We had spotted the large but scrawny looking grey tabby scutting along the top of the stone row at the foot of the back yard several times. It was January 2009, a few weeks into coldest winter at the mountain retreat in many years. Wind chills were below zero, but the coal stove was chuffing away when Kimba roused us from our sleep with a late-night yowl. He was on the warm side of the downstairs slider, alerting us that the large but scrawny looking grey tabby was gazing in from the the Arctic side.
Deborah slid a saucer with food and a bowl of water out the door. The obviously malnourished tabby fled, but in the morning the saucer had been licked clean and what little remained of the water was frozen solid. For the next few days, this routine was repeated several times a day, and then Deborah placed food and water in a Havahart trap. The tabby took the bait and we took the tabby, whom we named Mister Taj for reasons now obscure, straight to our veterinarian where he was treated for a serious case of worms, defleaed and snipped after scaling the curtains on an examination room window and trying to skywalk across a transom. It turned out that he did not like going to the vet's.
Mister Taj was a poster boy -- and, as you can see, an exceedingly handsome one -- for cats who are pathologically frightened of people, which was symptomatic of his likely maltreatment and the unforgettable horror of being dumped from a car into the snow and abandoned near our rural home.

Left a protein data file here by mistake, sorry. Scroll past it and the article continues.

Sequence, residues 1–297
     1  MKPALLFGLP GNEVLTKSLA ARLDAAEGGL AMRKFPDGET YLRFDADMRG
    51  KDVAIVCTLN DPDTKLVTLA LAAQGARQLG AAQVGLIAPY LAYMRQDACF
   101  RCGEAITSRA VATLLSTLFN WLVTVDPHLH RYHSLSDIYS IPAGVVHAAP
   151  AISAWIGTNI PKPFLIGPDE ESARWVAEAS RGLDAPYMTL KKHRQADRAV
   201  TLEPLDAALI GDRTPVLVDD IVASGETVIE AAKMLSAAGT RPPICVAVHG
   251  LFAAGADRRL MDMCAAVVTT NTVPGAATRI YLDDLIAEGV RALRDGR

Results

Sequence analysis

It took about a year before Mister Taj would venture outside and about five years before we could even touch him, and only then gently behind his magnificent ears. Perhaps eight years on, he trusted us enough to be petted and then stroked, to which he would respond with a fulsome purr he had kept locked away all those years.
But pick him up? No way. He would panic in a flash.
As Mister Taj's trauma slowly receded, a classy cat emerged. And a helluva hunter. After a few seasons on the prowl, the perennial problem of field mice coming into the house and gnawing on pet food, bird seed and such was eliminated.
Mister Taj had a gentle dignity but loved cavorting with the dogs as they did with him. Our dogs love all our cats, but Mister Taj was their favorite. He and Iggy (photo, above), whom we nicknamed Frankie and Johnny for their hijinks, loved to wrestle and Iggy had his back when he headed out to the woods beyond the stone row to hunt.
Mister Taj had become increasingly frail in recent months. The trauma of his winter sojourn may have shortened his time on the planet, but he was able to leave this mortal coil on his own terms, not on a cold steel examination table in the room where he skywalked lo those many years ago. As he faded away over the last few days before finally leaving his body as the sun set and a gentle rain commenced on Saturday evening, he laid next to the slider that had been his window to a new life, smelling the outdoor smells through the screen door and listening to the birds and night creatures. He was able to keep his dignity to the end.
At the ripe oldish age of 11 or 12 (we really don't know), Mister Taj had become another kind of poster boy for another kind of cat, as well -- the kind that with plenty of patience and lots of love you can wean from the wild side into your heart. And you into his.